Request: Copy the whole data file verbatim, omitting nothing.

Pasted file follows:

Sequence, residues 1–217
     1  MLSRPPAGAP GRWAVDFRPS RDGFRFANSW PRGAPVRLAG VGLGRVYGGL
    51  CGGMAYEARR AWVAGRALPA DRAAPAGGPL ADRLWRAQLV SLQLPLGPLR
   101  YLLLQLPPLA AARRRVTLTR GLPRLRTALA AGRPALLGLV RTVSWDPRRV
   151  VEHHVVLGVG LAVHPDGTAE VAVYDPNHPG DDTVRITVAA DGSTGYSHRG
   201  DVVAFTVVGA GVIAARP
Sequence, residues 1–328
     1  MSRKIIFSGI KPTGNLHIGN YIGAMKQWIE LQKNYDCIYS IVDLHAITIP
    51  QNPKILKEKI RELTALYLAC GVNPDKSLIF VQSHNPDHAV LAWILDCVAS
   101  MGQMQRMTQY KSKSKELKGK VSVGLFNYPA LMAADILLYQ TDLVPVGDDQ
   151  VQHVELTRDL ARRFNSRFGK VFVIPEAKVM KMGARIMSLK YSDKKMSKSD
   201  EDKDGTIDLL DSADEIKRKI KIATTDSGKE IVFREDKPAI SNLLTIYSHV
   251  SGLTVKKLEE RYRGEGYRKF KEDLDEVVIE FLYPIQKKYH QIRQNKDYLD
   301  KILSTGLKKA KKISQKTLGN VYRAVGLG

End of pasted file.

Sequence, residues 1–217
     1  MLSRPPAGAP GRWAVDFRPS RDGFRFANSW PRGAPVRLAG VGLGRVYGGL
    51  CGGMAYEARR AWVAGRALPA DRAAPAGGPL ADRLWRAQLV SLQLPLGPLR
   101  YLLLQLPPLA AARRRVTLTR GLPRLRTALA AGRPALLGLV RTVSWDPRRV
   151  VEHHVVLGVG LAVHPDGTAE VAVYDPNHPG DDTVRITVAA DGSTGYSHRG
   201  DVVAFTVVGA GVIAARP
Sequence, residues 1–328
     1  MSRKIIFSGI KPTGNLHIGN YIGAMKQWIE LQKNYDCIYS IVDLHAITIP
    51  QNPKILKEKI RELTALYLAC GVNPDKSLIF VQSHNPDHAV LAWILDCVAS
   101  MGQMQRMTQY KSKSKELKGK VSVGLFNYPA LMAADILLYQ TDLVPVGDDQ
   151  VQHVELTRDL ARRFNSRFGK VFVIPEAKVM KMGARIMSLK YSDKKMSKSD
   201  EDKDGTIDLL DSADEIKRKI KIATTDSGKE IVFREDKPAI SNLLTIYSHV
   251  SGLTVKKLEE RYRGEGYRKF KEDLDEVVIE FLYPIQKKYH QIRQNKDYLD
   301  KILSTGLKKA KKISQKTLGN VYRAVGLG